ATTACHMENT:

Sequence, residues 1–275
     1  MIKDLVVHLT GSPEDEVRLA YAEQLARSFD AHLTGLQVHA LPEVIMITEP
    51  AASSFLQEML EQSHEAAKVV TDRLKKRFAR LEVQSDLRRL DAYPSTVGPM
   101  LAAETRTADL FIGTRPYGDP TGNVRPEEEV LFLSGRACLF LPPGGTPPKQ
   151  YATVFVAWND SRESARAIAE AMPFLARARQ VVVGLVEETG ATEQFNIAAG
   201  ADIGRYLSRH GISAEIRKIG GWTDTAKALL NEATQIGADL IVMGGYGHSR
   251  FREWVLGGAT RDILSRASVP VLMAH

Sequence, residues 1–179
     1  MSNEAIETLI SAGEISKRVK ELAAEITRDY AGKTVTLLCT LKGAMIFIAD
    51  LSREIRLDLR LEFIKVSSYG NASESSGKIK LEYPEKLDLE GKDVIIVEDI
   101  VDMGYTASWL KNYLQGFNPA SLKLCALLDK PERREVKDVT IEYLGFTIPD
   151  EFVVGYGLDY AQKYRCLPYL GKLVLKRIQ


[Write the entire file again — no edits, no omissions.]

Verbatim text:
Sequence, residues 1–275
     1  MIKDLVVHLT GSPEDEVRLA YAEQLARSFD AHLTGLQVHA LPEVIMITEP
    51  AASSFLQEML EQSHEAAKVV TDRLKKRFAR LEVQSDLRRL DAYPSTVGPM
   101  LAAETRTADL FIGTRPYGDP TGNVRPEEEV LFLSGRACLF LPPGGTPPKQ
   151  YATVFVAWND SRESARAIAE AMPFLARARQ VVVGLVEETG ATEQFNIAAG
   201  ADIGRYLSRH GISAEIRKIG GWTDTAKALL NEATQIGADL IVMGGYGHSR
   251  FREWVLGGAT RDILSRASVP VLMAH

Sequence, residues 1–179
     1  MSNEAIETLI SAGEISKRVK ELAAEITRDY AGKTVTLLCT LKGAMIFIAD
    51  LSREIRLDLR LEFIKVSSYG NASESSGKIK LEYPEKLDLE GKDVIIVEDI
   101  VDMGYTASWL KNYLQGFNPA SLKLCALLDK PERREVKDVT IEYLGFTIPD
   151  EFVVGYGLDY AQKYRCLPYL GKLVLKRIQ